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Andrew Carnegie and the Rise of Big Business,9780321043733

Andrew Carnegie and the Rise of Big Business

by
Edition:
2nd
ISBN13:

9780321043733

ISBN10:
0321043731
Format:
Paperback
Pub. Date:
1/1/2000
Publisher(s):
Longman
List Price: $20.67
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  • Andrew Carnegie and the Rise of Big Business (Library of American Biography Series)
    Andrew Carnegie and the Rise of Big Business (Library of American Biography Series)




Summary

In this biography, author and scholar Harold C. Livesay examines the life and legacy of Andrew Carnegie, one of the greatest captains of industry and philanthropists in the history of the United States. Paperback, brief, and inexpensive, each of the titles in the "Library of American Biography Series" focuses on a figure whose actions and ideas significantly influenced the course of American history and national life. In addition, each biography relates the life of its subject to the broader themes and developments of the times. This best-selling biography offers students a lively and compelling portrait of one of the twentieth century' s greatest businessmen, while providing an avenue for exploring industrialism, capitalism, and the foundations of big business. Andrew Carnegie, The Gilded Age, Industrialism, Capitalism, American Steel, Carnegie Steel Company, Pennsylvania Railroad, Pittsburgh, Readers interested in Andrew Carnegie and American Industrialism.

Table of Contents

Editor's Preface ix
Acknowledgments xi
Flying Scots: In Search of a Dream
3(14)
The Climb Begins
17(18)
The Apprentice Manager
35(18)
The Apprentice Financier
53(16)
The Master Moneyman: A Fortune in Paper
69(18)
The Masater Builder: A Foundation of Iron
87(16)
The Masater Builder: A Structure of Steel
103(18)
The Masater Manager: Costs, Chemistry, and Coke
121(24)
Triumph and Tragedy
145(18)
Carnegie Challenges the World
163(24)
The Climb Ends
187(24)
Epilogue 211(4)
A Note on the Sources 215(6)
Index 221

Excerpts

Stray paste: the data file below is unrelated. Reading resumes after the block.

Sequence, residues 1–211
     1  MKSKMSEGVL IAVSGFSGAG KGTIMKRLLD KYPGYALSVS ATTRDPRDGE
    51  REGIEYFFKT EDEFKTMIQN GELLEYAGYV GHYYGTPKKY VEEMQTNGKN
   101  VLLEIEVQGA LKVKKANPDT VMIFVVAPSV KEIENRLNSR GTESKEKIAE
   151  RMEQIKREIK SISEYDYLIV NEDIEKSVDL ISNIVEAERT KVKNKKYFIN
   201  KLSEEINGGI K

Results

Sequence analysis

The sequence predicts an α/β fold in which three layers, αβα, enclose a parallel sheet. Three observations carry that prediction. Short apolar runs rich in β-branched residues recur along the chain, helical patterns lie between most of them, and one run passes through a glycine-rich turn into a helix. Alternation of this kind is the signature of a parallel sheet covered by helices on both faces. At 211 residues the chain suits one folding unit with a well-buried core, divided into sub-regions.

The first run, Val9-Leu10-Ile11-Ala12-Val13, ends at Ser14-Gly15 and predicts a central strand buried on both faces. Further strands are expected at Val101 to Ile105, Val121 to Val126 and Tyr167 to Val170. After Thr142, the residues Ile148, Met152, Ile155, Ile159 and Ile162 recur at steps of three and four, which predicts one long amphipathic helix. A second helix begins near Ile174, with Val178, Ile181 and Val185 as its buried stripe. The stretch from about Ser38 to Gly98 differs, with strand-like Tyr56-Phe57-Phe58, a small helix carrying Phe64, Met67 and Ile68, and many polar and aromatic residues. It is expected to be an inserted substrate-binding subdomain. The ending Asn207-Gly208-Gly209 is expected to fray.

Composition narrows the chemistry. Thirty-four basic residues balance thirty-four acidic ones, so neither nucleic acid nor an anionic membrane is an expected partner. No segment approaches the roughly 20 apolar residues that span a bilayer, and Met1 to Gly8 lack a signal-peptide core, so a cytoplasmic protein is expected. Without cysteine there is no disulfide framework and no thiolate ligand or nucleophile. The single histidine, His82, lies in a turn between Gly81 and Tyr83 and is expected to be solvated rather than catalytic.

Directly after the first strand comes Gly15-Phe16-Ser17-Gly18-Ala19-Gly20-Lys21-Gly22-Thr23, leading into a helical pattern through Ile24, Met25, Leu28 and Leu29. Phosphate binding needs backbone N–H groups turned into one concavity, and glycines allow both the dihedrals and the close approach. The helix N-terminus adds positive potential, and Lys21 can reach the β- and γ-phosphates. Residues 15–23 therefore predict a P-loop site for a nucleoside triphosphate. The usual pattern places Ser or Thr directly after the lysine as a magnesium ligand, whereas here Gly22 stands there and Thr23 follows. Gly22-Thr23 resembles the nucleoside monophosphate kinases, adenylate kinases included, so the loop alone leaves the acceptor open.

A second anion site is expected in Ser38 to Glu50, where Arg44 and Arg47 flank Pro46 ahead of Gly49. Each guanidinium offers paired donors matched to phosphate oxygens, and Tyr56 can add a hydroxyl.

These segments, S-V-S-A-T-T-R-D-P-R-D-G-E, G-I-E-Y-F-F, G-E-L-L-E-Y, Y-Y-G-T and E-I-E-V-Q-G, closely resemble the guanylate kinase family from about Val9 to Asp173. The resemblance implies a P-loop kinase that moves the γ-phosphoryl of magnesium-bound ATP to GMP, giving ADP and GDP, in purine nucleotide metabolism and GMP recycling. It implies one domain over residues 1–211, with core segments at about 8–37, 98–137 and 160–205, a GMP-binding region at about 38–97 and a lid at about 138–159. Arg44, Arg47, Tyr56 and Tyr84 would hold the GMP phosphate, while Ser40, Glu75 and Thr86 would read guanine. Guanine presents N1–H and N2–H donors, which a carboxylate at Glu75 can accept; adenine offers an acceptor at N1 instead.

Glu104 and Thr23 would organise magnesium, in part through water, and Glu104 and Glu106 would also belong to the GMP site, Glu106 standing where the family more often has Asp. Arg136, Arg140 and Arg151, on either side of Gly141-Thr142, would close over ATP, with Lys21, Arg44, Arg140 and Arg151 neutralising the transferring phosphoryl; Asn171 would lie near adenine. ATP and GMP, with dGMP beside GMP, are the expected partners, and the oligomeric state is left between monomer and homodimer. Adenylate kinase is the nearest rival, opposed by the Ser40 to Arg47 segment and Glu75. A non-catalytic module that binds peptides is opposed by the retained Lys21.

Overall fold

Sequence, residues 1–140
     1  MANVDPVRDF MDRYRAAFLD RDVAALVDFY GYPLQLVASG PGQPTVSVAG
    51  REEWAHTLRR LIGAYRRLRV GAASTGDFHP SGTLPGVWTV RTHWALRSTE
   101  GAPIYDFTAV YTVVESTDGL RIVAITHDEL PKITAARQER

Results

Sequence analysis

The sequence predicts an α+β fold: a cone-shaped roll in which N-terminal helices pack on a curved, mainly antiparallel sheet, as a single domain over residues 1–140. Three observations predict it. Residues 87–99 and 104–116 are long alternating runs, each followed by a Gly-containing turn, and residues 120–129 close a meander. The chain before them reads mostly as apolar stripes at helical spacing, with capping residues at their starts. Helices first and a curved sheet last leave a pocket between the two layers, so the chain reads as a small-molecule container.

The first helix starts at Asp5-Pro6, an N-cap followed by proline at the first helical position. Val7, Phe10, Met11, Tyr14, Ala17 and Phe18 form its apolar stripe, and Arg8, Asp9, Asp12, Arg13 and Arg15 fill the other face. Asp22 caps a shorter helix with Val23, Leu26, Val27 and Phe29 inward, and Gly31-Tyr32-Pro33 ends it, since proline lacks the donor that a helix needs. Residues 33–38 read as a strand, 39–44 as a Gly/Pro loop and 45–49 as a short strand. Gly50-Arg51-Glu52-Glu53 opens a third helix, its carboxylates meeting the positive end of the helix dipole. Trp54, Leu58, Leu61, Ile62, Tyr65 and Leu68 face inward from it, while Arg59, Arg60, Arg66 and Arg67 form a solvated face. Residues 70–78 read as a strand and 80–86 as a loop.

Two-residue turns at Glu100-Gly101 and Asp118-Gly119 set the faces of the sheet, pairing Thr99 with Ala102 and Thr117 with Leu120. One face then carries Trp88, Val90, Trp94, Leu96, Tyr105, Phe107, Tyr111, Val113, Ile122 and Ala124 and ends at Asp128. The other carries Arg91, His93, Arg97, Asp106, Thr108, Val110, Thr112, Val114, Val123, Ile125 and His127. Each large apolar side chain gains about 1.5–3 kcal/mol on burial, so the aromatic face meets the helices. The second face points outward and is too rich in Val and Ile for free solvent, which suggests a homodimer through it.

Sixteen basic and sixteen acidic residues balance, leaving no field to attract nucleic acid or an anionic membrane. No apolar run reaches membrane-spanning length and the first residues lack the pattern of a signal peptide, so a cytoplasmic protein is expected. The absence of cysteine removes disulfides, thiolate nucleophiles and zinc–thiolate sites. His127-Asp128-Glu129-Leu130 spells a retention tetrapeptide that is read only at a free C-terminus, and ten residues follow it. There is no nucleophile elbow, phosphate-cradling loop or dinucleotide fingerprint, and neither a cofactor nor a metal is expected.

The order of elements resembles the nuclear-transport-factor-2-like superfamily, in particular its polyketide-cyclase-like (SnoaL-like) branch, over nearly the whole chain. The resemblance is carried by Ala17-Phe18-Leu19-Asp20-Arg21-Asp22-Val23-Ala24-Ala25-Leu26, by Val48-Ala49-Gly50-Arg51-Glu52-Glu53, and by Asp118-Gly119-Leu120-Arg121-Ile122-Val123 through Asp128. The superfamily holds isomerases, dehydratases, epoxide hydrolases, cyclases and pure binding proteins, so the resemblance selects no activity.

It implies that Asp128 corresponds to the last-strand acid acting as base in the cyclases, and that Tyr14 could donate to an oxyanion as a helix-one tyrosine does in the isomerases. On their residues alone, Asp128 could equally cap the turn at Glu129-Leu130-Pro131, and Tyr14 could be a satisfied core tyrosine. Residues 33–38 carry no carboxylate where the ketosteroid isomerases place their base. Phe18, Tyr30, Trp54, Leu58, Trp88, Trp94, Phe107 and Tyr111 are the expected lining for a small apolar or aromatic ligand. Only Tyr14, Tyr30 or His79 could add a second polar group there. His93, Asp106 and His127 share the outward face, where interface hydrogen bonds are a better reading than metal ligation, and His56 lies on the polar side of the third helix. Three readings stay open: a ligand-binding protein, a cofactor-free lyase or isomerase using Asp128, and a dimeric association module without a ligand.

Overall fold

Editor's Preface The term "industrial revolution" has become a catch phrase that obscures rather than clarifies. All too often it conveys the impression that the economic process which transformed the modern world began with an event at some point in eighteenthcentury England, from which all subsequent consequences proceeded smoothly and continuously.The actuality was far more complex. The basic changes stretched over two hundred years and are not yet over. They involved not only the new technology of machines, but also profound alterations in the organization of work and in habits of the mind.Andrew Carnegie exemplified one phase of the change. He arrived in the United States at a crucial moment in its development. When the small boy Andy and his family left Scotland, British industrialization was well underway; indeed, their migration resulted from one of its unexpected consequences. When the Carnegies reached Pittsburgh, Americans had already begun to move in the same direction; the founding of the early manufacturing mills at Lowell, Massachusetts, was decades past. Significantly, Carnegie's first job was as a bobbin boy in a textile mill. But both countries had taken only the first hesitant steps in industrialization. Manufacturing was still primarily a rural activity and still small in scale.Carnegie was involved in reorganizing the whole pattern of industrial activity. Early in his career he changed jobs, moving from textiles to the telegraph office and then to the railroads. Those shifts were symbolic insofar as they brought him into contact with the dynamic forces that were altering communications and were creating large regional economic units to replace the earlier, small ones. Much of what he learned about communications and transportation he later ingeniously adapted to the steel industry.Carnegie also exemplified the habits of mind important at one stage of industrial development. He was a Scot, a fact most clearly manifest in the ethnic links that helped at each point in his career. He showed the capacity to use capital and technicians well, not in a speculative or an exploitive fashion, but to create wealth. That he remained apart from the corporate developments commonly associated with the closing decade of the nineteenth century-as, indeed, did his contemporary Andrew W. Melton-was not an accident. When he finally sold out to United States Steel, he closed his own career and also the stage of development in which he had actively participated. By then, however, as Harold C. Livesay's book shows, Carnegie had helped to establish the foundations of American economic power.Oscar Handlin


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